The nurses walked the ward, ‘angels’ with stern faces. They brought the tea-time trolleys behind the smokers. We slipped in and out all the time, us relatives of the dying. The nurses rattled the plates and one brought over a mass of Spaghetti Bolognese that looked and smelt as though it had suffered during the cooking. She put it onto the tray that stretched across the bed in front of where Mum lay and cleared away a dirty cup. Another nurse moved to the side of one of the end beds and pulled the blinds closed. The view of the city of Liverpool, that glimpse of Paddy’s wigwam, closed into white blinds. This daily routine was like a version of the game show Bullseye, when they reel the main prize out to the losers and then take it away again. Patients, there’s a life out there you could have had, watch it leave.

‘Ye alright Marie.’ The smokers said as they moved back to their beds. Mum just nodded. I don’t know if she was jealous they could still walk.  Her legs were the size of balloons.  So was her stomach.

‘You look pregnant.’

Why did I say that? She just smiled and said. ‘I wish I was.’

Sometime I can’t even think about it.

I was in hospital ten years before what happened to Mum. I must have about seven, and I should have learned something from what she said and did, always comforting and reassuring me.  Mum had nursed me through a two-week hospital stay, a stint in a wheelchair and a long course of antibiotics that turned my teeth yellow like the smokers. When it was her turn in a hospital bed I made accidental insults like the shit-hug comment or over-polite conversation.

‘You got your place in the hospice then?’

‘Yes. I’ve got a place in the hospice.’


Dad observed every traffic light rule, every roundabout pause, although the roads were quiet.  We pulled into the car park and Dad parked between the lines.  I ran ahead, across the car park. Everything except me went into slow motion. The wind was cold and whipped against my cheek but there was fire beneath my feet.  I heard a couple more cars parking up and somebody shouted me. ‘Gina.’ I didn’t stop.

I don’t know what I expected. But it wasn’t what I saw.  Mum drowning.  Her eyes were closed and she was struggling to breathe.  Her head moving from side to side as she lay in the bed.  Her eyes were closed.

Nobody knew what to do.  Dad came in behind me. I remember him standing there in his Liverpool shirt as I turned around. You’ll never walk alone.  He certainly didn’t in the years that followed with his new wife Janet as they hiked the hills, watched views of towns and cities, gazed out of hotel windows. And nobody shut the blinds.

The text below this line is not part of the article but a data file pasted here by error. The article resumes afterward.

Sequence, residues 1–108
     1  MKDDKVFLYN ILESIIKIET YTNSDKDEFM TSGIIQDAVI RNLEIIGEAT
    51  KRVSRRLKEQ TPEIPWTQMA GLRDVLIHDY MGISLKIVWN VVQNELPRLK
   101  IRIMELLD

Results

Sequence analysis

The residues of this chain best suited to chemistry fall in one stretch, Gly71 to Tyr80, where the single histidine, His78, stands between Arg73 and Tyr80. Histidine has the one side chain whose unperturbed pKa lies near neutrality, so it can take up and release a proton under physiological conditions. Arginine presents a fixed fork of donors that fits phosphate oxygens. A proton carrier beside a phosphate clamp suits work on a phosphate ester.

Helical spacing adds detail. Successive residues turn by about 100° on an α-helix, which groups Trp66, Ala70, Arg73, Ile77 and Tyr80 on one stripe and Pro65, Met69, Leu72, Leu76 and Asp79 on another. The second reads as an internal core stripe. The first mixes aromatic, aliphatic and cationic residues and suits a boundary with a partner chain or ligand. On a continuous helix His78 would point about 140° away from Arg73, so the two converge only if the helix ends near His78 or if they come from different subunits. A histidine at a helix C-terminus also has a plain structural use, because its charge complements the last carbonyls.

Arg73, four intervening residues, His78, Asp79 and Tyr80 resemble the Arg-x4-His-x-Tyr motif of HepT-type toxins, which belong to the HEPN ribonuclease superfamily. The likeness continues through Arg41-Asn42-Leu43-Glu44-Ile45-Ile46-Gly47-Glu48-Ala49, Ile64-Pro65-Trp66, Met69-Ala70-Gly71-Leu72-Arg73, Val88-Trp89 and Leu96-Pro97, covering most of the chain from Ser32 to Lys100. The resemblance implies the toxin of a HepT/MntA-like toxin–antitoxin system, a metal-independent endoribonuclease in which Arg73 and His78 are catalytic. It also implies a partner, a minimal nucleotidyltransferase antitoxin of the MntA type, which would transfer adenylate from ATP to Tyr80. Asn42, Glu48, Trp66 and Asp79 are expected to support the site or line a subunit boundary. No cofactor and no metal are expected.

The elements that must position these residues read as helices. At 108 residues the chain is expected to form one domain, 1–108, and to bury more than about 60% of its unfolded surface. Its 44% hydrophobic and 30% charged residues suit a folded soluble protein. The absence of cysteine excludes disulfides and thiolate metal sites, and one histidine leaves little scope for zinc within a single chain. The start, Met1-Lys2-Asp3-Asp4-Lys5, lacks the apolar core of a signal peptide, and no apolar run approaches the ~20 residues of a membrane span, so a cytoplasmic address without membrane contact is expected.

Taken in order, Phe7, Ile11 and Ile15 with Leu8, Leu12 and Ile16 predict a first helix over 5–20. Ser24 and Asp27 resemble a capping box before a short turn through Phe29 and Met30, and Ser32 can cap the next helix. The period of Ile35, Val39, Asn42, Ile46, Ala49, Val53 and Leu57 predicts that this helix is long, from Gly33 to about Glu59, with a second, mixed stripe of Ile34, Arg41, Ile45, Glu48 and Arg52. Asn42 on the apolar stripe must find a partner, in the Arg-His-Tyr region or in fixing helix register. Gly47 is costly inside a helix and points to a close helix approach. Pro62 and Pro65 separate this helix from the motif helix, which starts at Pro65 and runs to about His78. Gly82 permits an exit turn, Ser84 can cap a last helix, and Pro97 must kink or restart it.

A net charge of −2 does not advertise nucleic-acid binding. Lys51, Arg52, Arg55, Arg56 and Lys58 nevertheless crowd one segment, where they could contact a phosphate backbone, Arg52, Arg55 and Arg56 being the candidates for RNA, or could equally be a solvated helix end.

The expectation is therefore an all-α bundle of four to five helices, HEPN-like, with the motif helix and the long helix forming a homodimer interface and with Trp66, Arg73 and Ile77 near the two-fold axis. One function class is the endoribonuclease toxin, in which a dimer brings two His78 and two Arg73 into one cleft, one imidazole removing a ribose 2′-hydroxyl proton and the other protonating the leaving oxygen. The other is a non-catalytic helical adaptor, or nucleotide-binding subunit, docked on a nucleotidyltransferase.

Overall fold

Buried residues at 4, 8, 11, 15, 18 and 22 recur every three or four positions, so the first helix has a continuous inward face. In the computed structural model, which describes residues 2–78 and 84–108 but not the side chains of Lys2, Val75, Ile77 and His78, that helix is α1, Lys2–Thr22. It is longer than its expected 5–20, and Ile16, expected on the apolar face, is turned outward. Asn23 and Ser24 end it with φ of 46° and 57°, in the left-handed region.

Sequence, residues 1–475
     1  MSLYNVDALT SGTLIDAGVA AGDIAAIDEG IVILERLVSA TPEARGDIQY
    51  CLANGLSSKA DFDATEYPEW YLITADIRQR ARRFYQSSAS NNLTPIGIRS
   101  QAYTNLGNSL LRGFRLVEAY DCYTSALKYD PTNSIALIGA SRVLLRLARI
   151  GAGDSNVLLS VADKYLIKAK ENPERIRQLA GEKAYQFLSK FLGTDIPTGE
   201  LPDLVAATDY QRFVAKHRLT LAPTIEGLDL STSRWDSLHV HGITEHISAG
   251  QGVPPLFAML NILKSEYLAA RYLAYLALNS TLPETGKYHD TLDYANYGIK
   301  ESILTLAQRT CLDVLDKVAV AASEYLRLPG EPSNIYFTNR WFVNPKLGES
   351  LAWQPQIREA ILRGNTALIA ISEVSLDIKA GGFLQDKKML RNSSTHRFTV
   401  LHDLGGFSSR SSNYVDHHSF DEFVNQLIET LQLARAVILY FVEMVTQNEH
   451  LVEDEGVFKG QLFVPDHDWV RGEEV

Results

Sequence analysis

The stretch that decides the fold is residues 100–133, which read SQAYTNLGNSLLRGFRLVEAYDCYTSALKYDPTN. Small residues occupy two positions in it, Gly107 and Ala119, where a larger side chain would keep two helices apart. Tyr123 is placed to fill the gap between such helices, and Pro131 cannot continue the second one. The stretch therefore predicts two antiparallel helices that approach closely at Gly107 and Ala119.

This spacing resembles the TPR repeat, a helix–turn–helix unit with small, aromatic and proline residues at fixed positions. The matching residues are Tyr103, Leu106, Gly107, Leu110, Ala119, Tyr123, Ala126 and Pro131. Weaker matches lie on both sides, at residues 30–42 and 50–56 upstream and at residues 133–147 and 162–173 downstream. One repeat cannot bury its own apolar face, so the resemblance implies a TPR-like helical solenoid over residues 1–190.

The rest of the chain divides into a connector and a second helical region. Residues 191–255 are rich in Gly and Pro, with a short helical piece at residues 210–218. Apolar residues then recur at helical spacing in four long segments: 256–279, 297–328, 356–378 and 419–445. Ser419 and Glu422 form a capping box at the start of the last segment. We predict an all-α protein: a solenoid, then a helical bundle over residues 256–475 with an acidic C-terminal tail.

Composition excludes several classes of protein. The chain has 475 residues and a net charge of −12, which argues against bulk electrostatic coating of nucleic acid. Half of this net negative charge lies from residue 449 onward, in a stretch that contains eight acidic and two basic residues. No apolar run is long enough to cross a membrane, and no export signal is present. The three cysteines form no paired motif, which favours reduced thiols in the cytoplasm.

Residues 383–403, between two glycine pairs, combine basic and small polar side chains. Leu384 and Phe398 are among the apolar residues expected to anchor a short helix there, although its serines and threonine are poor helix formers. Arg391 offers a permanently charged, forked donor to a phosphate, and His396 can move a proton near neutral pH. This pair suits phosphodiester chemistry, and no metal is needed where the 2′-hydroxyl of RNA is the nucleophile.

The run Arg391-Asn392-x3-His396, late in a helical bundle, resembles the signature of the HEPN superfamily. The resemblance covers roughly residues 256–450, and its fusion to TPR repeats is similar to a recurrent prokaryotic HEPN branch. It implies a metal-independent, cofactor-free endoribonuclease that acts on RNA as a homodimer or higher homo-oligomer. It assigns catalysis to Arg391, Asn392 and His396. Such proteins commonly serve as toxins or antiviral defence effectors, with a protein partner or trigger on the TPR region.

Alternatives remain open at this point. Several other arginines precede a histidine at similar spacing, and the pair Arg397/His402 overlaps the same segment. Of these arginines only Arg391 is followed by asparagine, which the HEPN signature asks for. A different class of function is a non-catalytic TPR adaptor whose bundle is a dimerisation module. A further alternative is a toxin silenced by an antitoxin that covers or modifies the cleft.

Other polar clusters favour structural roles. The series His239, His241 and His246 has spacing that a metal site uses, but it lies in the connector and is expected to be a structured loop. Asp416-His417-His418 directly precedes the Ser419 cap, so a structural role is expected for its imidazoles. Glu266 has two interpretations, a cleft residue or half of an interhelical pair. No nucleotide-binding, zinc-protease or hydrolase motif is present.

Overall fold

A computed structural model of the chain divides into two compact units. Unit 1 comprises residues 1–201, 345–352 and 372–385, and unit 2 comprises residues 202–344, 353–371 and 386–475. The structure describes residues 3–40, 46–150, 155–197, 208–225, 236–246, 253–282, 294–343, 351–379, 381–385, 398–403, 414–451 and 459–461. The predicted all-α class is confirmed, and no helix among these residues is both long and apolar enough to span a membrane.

‘She insisted I went,’ he says, ‘I should have spent all day and night with her.  But she insisted I went.’ It was the match. Mum had told him to go, said we all needed a break and to come back the next morning. But at that moment when more people came into the room, we all felt that we shouldn’t have left.  Mum’s best friend Anna Harrison came and moved me forward with a gentle nudge, towards the bed. In the blank-wash of faces behind I saw Dad start to take steps forward too, letting me lead. Anna and her husband Tim stepped back.  The room smelt of the lilies crawling out over the vase on the table.

I remembered being told that the last thing that goes is the hearing.

That night with Mum seemed like a series of badly edited film scenes. One minute some of us were the hospice.  Then without warning, we all appeared a pub car park watching a limousine pull up.

It hadn’t been able to fit into the hospice parking area.  A few people were leaving the pub, eyes drinking us in with drunken confusion. A girl in a miniskirt fell on the pavement. A pink thong. Taxis hailed.  Smells of beer and burgers, grilled gammon, chunky chips, cheap two-for-one meals blasted out hours earlier and still lingering.

Charlie and Frankie got out of the limousine, picked up from a neighbour’s with young, confused faces.  Aunty Lesley and Uncle Malcolm always travelled in one for their scaffolding company’s annual charity dinner.

Charlie and Frankie in pyjamas and coats. Uncle Malcolm dressed in a full dinner suit. Aunty Lesley in a glittering dress with matching bag, and a fur coat over her arm.

‘Why did you make me go to that dinner you shit? We should have been there!’

That fur coat. She’d had it for years. When I was a child I thought she had slaughtered a hundred and one Dalmatians for it. She never reassured me, in fact the opposite.

‘Where did you get that?’ I would ask.

‘There was a litter of puppies no one wanted.’ She would reply. There was a cruel bastard quality to her and there still is. I was so good when she babysat us.

We sat in the children’s play area for a bit.  The three monkeys of grief together. Charlie with her hands over her eyes crying; Frankie with his hands over his mouth in-between being sick and me, might as well have had my hands over my ears, not hearing anything properly and understanding little.  I remember sweets being offered around, chewy fruit bursts that seemed too cheery in our mouths.

Frankie has never been interested in food anyway. He prefers structured activities to eating. When he was little he created concentration camp for worms and ants in the garden. He tried to make them concentrate and work together to find a way out, not yet realising that he had got the notion of those camps wrong.  Frankie is concentrating himself now, within four walls.  He has grown into a scruffy, duffel coat-wearing, shaggy-haired and pale socialist, constantly fighting causes. Dad said he was just going where the fights were. But even Frankie doesn’t know why he left Comet with a plasma TV during the riots last summer.